The making of chronicles and the making of England: the Anglo-Saxon Chronicles after Alfred
In the early 1950s the English Historical Documents series was launched, its aim to ‘make generally accessible . . . fundamental sources of English history’. The first two volumes opened with the same text – the Anglo-Saxon Chronicle. This text merited ‘pride of place’. It is with this text – or rather with the series of chronicles which go under this heading – that this lecture is concerned. These chronicles have long been accorded fundamental status in the English national story. No others have shaped our view of the origins of England between the fifth and eleventh centuries to the same extent. They provide between them the only continuous narrative of this period. They are the story that has made England.
My subject is the relationship between that story, these texts, and England: how they have been read and edited – made – in the context of the English national story since the sixteenth century; but also their relationship to, the part they may have played in, the original making of the English kingdom. The focus is on developments during the tenth and eleventh centuries, when a political unit more or less equivalent to the England we now know emerged. Special attention will be given to their possible role in the incorporation of Northumbria into that kingdom.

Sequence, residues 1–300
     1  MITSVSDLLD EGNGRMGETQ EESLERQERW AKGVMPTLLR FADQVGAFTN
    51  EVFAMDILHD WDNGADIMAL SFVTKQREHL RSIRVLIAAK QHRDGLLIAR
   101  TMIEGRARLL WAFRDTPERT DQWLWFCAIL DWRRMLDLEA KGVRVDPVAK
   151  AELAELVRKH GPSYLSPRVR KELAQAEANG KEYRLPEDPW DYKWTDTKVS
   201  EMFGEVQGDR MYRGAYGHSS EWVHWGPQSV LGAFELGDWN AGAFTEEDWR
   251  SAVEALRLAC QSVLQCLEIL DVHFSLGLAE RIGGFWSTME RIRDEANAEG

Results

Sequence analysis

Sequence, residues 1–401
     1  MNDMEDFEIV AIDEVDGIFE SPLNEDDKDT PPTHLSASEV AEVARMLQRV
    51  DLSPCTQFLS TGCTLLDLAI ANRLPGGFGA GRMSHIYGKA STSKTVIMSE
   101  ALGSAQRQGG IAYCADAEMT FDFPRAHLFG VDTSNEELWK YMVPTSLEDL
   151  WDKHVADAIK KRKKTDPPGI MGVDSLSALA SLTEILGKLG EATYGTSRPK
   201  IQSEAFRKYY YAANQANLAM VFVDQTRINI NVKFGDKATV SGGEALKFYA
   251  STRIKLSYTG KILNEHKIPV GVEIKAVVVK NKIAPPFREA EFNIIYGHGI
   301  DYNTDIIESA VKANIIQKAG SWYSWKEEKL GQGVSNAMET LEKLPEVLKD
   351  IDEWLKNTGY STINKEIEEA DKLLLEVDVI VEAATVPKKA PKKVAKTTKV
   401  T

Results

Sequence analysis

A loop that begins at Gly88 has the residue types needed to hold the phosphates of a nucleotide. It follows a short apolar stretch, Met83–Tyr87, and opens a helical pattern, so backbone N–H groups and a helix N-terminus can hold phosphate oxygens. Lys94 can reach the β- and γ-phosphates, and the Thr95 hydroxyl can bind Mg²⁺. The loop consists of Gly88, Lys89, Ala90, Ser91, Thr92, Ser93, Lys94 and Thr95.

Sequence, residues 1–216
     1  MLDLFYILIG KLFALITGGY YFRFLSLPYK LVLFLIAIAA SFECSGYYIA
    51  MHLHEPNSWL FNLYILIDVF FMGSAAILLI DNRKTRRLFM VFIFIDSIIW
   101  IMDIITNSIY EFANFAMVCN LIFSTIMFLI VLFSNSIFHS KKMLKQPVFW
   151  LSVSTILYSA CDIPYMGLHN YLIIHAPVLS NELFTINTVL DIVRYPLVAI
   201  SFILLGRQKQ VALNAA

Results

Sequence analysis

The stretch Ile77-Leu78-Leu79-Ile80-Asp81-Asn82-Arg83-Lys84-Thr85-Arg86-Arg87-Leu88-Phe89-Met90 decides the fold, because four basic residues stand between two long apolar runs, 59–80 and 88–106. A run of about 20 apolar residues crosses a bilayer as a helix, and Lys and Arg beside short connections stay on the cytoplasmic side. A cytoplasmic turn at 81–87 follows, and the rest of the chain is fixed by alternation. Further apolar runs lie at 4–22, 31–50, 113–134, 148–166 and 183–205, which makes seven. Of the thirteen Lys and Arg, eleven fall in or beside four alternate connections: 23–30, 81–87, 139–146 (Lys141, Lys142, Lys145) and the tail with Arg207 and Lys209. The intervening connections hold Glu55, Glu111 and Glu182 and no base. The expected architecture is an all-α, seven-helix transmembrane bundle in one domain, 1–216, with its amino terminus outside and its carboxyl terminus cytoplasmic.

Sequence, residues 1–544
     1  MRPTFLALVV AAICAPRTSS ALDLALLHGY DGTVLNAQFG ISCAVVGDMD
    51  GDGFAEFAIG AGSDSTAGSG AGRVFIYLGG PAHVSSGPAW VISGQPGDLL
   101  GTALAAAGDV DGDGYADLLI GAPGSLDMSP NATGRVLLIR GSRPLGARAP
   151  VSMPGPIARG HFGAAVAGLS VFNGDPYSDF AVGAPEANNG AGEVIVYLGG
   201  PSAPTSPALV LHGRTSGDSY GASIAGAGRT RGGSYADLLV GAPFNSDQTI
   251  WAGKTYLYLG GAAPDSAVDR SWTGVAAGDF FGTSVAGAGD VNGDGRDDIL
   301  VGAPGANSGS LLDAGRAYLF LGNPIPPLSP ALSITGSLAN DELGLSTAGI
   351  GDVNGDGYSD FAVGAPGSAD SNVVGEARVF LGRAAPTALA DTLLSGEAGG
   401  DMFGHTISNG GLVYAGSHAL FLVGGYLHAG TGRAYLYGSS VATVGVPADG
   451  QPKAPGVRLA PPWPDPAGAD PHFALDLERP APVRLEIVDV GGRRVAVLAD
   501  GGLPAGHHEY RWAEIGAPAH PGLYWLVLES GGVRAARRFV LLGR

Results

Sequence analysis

These chronicles were made by scribes a millennium ago, and to some extent have been reworked by modern editors from the sixteenth century on. They are daunting in their complexity. The differences between them are as important as the common ground they share. But understanding the making of these foundational texts has its own light to shed on the making of England.
Pauline Stafford is Professor Emerita of Early Medieval History at the University of Liverpool, and former Vice-President of the Royal Historical Society.